However, I understand that Glint will offer a frictionless way to both store and spend your money in gold, including at the point of sale, just like a regular local currency. The bigger picture is that gold historically has been a better storage of value than any government-created currency, and therefore — with the aid of technology — is (arguably) a good candidate for an alternative global currency. The startup has already been authorised and is regulated by the U.K.’s FCA, under, presumably, an Electronic Money Institution license.
Meanwhile, Glint’s founders both know a thing or two about gold.
CEO Jason Cozens co-founded GoldMadeSimple.com, a website that helps clients buy and sell physical gold and have it stored securely or delivered. He also previously founded two other companies: Visuality — where he is said to have pioneered Virtual Reality, e-commerce and online marketing, selling to ERp software company McGuffie Brunton — and Bite, a digital marketing agency.
Glint COO Ben Davies is said to have over 17 years’ experience within international financial and commodity markets. He was the former head of trading at RBS Greenwich, and co-founded Hinde Capital in 2007, an alternative investment management company specialising in precious metals.
Subscription streaming service Seeso will be shutting down later this year. The NBCUniversal-owned service made the announcement today on Facebook.
It was revealed earlier that several Seeso originals, including HarmonQuest and My Brother My Brother and Me, will be moving to Vrv, a gamer- and geek-focused streaming video service from digital media company Ellation. (Ellation pR would like me to remind you that HarmonQuest season 2 will premiere on Sept. 15.)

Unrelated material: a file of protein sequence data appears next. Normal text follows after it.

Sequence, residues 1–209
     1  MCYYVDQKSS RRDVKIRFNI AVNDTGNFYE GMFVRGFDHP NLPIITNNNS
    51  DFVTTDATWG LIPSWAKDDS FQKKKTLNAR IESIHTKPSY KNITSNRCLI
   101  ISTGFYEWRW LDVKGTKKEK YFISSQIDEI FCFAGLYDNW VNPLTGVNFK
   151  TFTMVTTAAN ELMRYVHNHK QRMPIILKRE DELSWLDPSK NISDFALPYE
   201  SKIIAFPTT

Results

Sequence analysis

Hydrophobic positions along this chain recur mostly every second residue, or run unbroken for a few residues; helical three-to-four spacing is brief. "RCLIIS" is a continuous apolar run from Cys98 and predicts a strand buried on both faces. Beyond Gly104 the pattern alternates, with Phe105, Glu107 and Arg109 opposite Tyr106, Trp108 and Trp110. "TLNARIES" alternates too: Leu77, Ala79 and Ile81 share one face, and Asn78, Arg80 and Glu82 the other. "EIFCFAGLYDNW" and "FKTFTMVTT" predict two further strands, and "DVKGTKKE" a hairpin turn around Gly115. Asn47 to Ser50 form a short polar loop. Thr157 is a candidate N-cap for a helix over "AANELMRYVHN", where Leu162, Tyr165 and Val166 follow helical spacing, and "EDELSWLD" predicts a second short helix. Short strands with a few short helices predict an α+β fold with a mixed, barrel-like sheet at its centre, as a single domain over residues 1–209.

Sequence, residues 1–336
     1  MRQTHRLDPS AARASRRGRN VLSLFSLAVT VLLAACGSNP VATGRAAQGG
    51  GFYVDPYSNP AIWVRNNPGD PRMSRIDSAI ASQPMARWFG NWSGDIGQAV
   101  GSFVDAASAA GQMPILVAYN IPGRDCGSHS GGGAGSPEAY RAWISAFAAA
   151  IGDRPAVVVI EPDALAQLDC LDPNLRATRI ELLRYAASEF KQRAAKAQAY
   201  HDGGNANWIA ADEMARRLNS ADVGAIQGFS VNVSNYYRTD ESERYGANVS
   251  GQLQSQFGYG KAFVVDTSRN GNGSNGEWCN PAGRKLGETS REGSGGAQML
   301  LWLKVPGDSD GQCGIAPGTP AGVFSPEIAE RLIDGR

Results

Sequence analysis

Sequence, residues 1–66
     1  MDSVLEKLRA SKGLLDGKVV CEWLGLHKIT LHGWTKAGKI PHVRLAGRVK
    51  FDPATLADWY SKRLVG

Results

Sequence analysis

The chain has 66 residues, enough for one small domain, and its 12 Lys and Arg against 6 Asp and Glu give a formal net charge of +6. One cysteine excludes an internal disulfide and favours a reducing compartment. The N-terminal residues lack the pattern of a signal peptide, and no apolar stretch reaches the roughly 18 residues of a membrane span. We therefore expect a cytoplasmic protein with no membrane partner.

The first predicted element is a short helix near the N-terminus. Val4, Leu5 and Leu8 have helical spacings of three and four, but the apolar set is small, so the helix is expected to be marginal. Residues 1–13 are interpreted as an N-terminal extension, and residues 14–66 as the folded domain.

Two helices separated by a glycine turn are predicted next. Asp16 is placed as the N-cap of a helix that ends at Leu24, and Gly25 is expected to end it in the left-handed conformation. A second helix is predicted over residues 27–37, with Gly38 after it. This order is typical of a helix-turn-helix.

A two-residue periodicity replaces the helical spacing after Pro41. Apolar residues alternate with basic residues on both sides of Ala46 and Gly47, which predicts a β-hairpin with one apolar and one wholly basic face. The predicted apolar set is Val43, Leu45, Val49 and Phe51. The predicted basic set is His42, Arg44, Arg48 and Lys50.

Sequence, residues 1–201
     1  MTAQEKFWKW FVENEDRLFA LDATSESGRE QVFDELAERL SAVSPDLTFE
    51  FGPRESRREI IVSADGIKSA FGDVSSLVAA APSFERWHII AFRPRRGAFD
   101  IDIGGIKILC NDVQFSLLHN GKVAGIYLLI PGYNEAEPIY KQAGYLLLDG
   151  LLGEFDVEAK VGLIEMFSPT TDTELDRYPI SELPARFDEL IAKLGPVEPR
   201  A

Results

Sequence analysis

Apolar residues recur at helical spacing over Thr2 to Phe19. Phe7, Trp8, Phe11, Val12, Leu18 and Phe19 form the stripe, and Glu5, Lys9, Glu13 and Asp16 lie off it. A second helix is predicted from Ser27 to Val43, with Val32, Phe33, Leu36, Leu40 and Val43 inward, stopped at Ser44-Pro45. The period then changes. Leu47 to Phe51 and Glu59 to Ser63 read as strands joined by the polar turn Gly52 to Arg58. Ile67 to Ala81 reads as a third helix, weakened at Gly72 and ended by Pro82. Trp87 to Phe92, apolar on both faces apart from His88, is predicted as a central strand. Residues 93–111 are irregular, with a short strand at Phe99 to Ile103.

Seeso hasn’t been around for very long — it launched at the beginning of 2016, offering a mix of originals and classic comedies like Monty python and Saturday Night Live, all ad-free for a subscription price of $3.99 per month.
That’s a lot cheaper than many other streaming video subscriptions, but perhaps the niche was just too small, particularly when viewers can get plenty of comedy on Netflix and other services. Back in June, Deadline revealed that the team had had layoffs and that NBCUniversal was reassessing the business model.
“Though we will be departing, much of our comedy will live on,” the company said today, hinting at future announcements about Seeso programs finding a new home.